Santa Ynez Valley, located in northern Santa Barbara County, is widely known for its wineries and rolling hills with country roads perfect for scenic road riding. While the area is a popular destination for southern Californian weekenders looking for relaxation, it has also become a regular stop on the US Cup mountain bike racing circuit. This year, the annual Santa Ynez Classic was the final race in US Cup Triple Crown West Series and round five of the seven-round Rock N’ Road Cyclery West Cup Series.
Where Highways 101 and 154 intersect at Zaca Station Road, lie Charlotte’s Meadow. The meadow is the home of Dirt Club, a private mountain bike riding ranch that boasts a variety of cross country and downhill trails. The start/finish of the Santa Ynez Classic sits in a bowl, surrounded mostly by vineyards and steeper than usual central coast hills. The trails are popular amongst riders, yet extremely rough due to cattle that occupy and graze the ranch when bikes are not at play.
This year’s Santa Ynez Classic race course consisted of an 11.3 mile loop with a 1,340 foot elevation gain per lap. Slated to complete three laps, the Pro Men’s race started under warm conditions and heated up quickly as area local, Jason Siegle (SDG/Felt) won the sprint to the first turn and immediately set a fast pace up the valley toward the first of the course’s decisive climbs. Within the first mile of the 34 mile race, Siegle’s effort had split the field in half. Along for the ride was Sid Taberlay (Kenda/H20 Overdrive/Yeti), Miguel Valadez (Ellsworth), Romolo Forcino, Tsering Alleyne (Marin Bikes), Matt Freeman (Cyclery USA), and Kendal Johnson (Sagebrush Cycles).
The lead group was soon split again when Valadez took over the lead on the first steep climb, causing the main selection of the young race. “Miguel (Valadez) put in an attack and only Sid (Taberlay) and I were able to follow,” said Siegle. “I took over on the next descent and the three of us were gone.”
The Valadez/Siegle surge at the front left Alleyne, Freeman, Forcino, and Johnson ailing. Alleyne and Johnson eventually dropped out of the chase, while Freeman and Forcino forged on. The veteran duo was later joined by Miguel Ramos (Bear Valley Bikes), who had bridged to the second group after suffering a poor start. Meanwhile, Taberlay took his first turn at the front causing a momentary hiccup for the leaders.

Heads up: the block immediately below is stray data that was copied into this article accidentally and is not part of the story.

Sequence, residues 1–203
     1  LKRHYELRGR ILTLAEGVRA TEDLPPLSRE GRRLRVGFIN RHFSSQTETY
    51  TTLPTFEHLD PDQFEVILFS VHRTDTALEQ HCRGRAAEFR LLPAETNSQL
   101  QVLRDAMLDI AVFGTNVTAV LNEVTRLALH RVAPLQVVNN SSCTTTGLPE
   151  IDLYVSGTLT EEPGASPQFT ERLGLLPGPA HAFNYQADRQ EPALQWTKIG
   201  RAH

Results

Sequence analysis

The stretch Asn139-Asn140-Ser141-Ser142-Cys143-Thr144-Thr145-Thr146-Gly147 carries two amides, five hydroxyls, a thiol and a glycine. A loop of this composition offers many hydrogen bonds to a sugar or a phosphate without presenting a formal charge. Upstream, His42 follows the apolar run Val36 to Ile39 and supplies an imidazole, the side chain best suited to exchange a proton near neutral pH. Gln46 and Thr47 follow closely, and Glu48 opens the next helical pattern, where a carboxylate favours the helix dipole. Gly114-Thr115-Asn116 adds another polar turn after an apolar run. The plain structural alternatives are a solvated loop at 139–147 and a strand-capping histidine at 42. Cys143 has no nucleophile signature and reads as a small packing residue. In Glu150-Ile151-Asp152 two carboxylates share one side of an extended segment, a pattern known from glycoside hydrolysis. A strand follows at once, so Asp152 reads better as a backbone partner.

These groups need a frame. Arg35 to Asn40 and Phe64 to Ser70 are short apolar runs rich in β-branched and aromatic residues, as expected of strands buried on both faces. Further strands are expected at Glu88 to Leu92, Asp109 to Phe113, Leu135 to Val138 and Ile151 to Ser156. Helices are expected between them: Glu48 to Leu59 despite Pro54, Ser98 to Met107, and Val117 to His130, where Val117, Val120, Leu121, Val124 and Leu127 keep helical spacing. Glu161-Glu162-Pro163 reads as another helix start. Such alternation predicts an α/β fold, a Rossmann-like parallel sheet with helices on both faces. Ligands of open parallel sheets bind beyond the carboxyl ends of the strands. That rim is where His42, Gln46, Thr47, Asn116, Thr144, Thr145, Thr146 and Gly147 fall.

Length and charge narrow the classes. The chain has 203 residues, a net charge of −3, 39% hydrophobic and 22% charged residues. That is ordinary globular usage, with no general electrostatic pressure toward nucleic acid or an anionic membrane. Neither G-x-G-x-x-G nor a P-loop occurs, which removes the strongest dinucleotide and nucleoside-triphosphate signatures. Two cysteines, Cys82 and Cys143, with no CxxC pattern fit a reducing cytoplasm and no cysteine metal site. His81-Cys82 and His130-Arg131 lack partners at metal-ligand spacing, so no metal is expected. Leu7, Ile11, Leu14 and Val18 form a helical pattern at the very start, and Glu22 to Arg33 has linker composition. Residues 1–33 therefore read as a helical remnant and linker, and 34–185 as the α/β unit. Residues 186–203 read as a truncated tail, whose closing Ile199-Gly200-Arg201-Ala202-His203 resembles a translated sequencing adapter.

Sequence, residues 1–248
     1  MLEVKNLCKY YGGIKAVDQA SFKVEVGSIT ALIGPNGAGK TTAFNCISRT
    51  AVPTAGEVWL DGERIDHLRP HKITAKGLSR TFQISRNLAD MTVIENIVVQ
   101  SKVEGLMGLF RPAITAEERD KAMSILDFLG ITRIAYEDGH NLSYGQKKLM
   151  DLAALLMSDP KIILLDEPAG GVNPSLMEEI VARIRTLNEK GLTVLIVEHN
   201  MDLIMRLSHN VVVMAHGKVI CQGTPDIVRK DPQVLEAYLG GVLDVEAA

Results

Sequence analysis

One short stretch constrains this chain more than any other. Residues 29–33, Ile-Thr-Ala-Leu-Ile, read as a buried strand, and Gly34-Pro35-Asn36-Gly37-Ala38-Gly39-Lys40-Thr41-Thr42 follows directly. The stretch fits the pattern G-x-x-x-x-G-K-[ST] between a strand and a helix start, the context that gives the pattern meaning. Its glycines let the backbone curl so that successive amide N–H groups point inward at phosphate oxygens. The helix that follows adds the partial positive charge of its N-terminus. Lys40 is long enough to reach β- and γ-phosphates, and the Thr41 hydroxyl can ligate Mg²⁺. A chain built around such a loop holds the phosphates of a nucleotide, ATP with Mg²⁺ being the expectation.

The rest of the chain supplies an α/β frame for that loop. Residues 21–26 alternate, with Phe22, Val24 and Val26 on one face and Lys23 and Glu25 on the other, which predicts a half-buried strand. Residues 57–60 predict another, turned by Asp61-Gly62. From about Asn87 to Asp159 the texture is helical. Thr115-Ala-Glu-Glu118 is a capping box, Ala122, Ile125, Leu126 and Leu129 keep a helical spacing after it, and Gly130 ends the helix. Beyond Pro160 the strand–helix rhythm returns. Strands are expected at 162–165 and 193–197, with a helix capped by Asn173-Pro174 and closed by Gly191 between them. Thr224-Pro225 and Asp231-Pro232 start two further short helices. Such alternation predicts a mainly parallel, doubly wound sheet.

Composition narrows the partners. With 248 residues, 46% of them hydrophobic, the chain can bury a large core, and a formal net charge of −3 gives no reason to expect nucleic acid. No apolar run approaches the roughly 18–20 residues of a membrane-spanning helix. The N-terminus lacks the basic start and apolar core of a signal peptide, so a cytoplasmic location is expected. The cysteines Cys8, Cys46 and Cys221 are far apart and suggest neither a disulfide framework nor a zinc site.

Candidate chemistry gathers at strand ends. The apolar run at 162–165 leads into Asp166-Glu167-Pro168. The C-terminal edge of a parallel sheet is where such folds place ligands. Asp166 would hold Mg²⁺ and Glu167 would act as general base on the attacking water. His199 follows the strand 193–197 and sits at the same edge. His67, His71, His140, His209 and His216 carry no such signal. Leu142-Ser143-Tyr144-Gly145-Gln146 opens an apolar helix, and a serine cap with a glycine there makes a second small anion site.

“On the top of the next climb Sid went to the front and Miguel tried to push me off of Sid’s wheel,” said Siegle. “We tangled bars and Miguel crashed. He had to chase back up to us but we didn’t push the pace.”
Even with shakeup at the front of the race, the three-man group behind Taberlay, Valadez, and Siegle was not gaining any ground. And, what little hope the chase group had for reconnecting with the leaders was crushed when Forcino refused to take pulls, leaving Freeman and Ramos with the entire workload. Near the midway point of the second lap, Freeman finally succumbed to the heated chase leaving Ramos to deal with the inept Forcino.
As the race continued Valadez, the loan hardtail in the lead group, pushed the pace on the climbs while the full-suspension bikes of Taberlay and Siegle took turns leading the rough downhill trail sections. “We all traded work at the front until halfway through the last lap when Sid went for it on a descent,” said Siegle. “He created a gap and I had to wait until the next climb that followed to get around Miguel. From there we were all solo in the finish.”
Taberlay’s win marked his third win in the last four years at the Santa Ynez Classic, while the runner-up finish by Siegle was his best in the series. Crossing the finish line in a distant fourth was Durango, Colorado’s Ramos, whose result garnered him the Triple Crown West Championship.
Photos by Tricia Fynewever
April 29, 2012